¶2). Additionally, DQ Trussville asserts counterclaims against Wycoff for state law conversion,
breach of contract, unjust enrichment, and negligence/wantonness based on Wycoff’s alleged
failure to deposit store proceeds. (Doc. 6). DQ Trussville further contends it demanded Wycoff
repay the allegedly misappropriated funds, and, after agreeing to repay at least one unmade
deposit, she failed to do so, and thereafter refused to repay the remaining unmade deposits. (Id.
at ¶ 4). DQ Trussville asserts Wycoff’s FLSA claims are not brought in good faith and are
retaliatory for it demanding she repay the allegedly misappropriated funds. (Id. at ¶ 5). Wycoff
moves to dismiss the counterclaims, arguing there is no subject-matter jurisdiction over the
counterclaims and DQ Trussville failed to join an indispensable party. (Doc. 10).
Throughout its opposition to the motion, Defendant DQ Trussville inadvertently refers
to the Fair Labor Standards Act as “FMLA” instead of “FLSA.” (See doc. 11 at ¶1). The court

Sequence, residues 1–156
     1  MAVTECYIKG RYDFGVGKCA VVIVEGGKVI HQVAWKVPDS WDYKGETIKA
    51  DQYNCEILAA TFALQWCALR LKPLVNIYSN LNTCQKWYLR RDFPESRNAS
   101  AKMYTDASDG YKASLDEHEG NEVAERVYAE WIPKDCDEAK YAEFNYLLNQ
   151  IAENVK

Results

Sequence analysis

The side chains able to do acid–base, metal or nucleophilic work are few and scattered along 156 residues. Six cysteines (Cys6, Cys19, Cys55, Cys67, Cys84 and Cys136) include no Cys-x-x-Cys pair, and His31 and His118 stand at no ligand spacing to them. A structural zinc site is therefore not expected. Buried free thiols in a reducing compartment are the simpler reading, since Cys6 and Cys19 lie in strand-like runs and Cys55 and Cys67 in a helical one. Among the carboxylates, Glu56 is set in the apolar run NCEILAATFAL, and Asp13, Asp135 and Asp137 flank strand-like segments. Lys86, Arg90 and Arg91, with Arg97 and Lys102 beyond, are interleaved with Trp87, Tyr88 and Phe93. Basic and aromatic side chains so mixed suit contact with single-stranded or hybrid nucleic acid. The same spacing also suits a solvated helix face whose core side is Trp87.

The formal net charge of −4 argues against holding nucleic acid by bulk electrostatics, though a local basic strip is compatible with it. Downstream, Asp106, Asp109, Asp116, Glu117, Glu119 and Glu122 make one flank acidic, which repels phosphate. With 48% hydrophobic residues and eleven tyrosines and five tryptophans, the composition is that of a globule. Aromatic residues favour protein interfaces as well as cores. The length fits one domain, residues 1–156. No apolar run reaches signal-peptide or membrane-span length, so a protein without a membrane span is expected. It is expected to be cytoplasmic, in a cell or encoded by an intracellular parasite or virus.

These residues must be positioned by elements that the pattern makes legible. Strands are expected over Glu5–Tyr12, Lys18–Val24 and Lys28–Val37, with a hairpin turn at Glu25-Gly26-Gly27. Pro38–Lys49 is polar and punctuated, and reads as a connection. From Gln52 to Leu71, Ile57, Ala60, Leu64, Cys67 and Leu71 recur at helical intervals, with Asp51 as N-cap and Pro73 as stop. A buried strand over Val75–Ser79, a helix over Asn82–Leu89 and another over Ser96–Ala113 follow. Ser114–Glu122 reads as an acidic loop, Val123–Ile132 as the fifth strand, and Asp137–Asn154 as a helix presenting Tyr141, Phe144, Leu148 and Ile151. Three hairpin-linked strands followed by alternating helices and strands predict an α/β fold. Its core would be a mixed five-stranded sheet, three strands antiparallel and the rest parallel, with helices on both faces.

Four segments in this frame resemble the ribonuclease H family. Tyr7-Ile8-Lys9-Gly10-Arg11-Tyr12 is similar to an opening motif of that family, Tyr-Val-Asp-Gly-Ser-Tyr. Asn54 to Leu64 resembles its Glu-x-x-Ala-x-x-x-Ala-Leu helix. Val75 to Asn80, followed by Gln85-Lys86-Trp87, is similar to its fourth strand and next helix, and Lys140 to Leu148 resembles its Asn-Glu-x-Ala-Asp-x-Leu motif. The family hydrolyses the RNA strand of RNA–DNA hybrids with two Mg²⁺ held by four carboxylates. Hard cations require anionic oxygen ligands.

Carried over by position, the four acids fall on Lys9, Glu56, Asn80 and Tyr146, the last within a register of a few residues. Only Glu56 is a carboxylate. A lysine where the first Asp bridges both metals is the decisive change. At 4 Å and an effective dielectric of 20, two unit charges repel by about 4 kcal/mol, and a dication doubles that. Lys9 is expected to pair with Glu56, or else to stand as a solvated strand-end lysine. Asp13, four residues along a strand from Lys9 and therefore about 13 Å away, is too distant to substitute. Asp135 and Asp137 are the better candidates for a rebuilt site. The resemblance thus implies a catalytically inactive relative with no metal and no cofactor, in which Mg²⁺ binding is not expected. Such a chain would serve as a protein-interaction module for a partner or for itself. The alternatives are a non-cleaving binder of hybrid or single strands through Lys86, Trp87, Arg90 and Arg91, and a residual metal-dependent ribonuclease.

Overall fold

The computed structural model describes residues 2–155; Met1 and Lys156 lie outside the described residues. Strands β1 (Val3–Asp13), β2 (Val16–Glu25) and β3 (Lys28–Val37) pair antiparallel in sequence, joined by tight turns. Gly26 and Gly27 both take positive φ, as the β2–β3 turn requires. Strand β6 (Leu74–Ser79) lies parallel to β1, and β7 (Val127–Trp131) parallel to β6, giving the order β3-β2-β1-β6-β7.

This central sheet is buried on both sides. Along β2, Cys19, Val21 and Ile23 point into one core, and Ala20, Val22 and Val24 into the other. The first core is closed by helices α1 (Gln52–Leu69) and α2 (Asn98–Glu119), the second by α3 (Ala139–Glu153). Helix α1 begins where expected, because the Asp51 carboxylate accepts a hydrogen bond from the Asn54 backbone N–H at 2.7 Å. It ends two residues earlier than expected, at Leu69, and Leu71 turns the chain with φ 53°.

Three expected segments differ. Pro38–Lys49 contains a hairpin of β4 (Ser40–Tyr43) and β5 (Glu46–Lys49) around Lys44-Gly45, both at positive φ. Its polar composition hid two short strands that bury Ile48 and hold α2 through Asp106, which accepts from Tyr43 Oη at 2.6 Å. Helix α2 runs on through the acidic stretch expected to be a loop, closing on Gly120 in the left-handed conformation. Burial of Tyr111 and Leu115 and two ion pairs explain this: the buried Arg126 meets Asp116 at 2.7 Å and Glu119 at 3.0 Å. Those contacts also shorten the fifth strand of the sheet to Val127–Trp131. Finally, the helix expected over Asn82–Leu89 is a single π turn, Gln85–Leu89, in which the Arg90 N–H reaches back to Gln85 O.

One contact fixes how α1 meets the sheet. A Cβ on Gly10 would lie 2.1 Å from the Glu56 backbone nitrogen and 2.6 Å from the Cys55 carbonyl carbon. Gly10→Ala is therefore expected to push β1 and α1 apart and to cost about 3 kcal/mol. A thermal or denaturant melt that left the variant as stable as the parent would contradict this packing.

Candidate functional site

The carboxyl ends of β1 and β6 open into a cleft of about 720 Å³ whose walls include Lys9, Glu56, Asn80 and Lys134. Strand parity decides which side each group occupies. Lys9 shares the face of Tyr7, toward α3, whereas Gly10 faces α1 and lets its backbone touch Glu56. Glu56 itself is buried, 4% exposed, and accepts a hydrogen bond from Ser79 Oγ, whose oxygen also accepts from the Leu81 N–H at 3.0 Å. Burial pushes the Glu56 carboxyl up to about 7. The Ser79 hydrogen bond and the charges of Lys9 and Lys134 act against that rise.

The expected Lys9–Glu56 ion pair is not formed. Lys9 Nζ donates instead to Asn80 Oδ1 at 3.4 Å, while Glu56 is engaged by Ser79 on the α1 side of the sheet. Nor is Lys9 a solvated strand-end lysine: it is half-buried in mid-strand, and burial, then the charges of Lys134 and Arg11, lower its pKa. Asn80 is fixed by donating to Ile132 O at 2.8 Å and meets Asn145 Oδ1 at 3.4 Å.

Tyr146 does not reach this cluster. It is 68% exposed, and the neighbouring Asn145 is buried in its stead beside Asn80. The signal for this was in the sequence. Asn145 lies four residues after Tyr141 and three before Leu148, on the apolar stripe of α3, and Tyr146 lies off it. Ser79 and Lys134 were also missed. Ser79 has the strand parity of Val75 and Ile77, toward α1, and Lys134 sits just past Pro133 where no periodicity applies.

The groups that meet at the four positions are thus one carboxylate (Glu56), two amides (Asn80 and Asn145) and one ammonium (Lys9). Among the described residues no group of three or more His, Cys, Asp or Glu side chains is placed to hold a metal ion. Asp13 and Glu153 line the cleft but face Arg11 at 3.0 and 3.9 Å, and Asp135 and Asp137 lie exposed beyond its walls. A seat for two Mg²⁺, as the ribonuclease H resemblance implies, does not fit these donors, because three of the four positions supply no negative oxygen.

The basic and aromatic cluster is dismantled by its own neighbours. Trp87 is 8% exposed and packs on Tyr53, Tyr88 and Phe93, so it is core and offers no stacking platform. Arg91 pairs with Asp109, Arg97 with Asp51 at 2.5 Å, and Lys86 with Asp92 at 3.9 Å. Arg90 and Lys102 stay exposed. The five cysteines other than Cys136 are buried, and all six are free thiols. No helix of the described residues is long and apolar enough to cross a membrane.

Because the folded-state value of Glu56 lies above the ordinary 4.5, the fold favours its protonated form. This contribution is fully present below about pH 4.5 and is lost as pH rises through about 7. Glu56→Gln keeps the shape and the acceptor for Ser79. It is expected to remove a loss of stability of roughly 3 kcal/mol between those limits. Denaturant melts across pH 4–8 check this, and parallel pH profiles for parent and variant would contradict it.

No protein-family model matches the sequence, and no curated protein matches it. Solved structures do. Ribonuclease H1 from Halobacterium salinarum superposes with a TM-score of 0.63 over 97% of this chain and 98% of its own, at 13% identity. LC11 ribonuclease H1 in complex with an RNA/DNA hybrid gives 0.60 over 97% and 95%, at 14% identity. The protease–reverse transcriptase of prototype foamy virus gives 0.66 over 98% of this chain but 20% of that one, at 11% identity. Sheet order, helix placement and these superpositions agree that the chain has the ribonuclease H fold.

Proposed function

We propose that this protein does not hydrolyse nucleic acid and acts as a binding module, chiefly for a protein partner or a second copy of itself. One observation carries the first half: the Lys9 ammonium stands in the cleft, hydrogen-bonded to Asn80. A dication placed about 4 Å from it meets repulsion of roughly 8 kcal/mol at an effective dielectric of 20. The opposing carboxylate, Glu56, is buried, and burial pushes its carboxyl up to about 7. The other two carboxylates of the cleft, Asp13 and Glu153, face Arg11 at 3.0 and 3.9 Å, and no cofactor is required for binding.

understands Defendant DQ Trussville intends to refer to the FLSA, as that is what this case is
II. Standard of Review
Federal courts are courts of limited jurisdiction, with the power to hear only cases
authorized by the Constitution or by statute. Kokkonen v. Guardian Life Ins. Co. of Am., 511
U.S. 375, 377, 114 S. Ct. 1673, 1675 (1994). Under Federal Rule of Civil Procedure 12(b)(1), a
party may move the court to dismiss a case if the court lacks jurisdiction over the subject matter
of the case. Even when a party does not assert a jurisdictional challenge, “a federal court is
obligated to inquire into subject matter jurisdiction sua sponte whenever it may be lacking.”
Bochese v. Town of Ponce Inlet, 405 F.3d 964, 975 (11th Cir. 2005). Simply put, a federal court
is powerless to act beyond its constitutional or statutory grant of subject-matter jurisdiction.
Smith v. GTE Corp., 236 F.3d 1292, 1299 (11th Cir. 2001). Regardless of how the issue came
before the court, a plaintiff, as the party invoking jurisdiction, bears the burden of establishing
the court=s subject-matter jurisdiction. Taylor v. Appleton, 30 F.3d 1365, 1367 (11th Cir. 1994).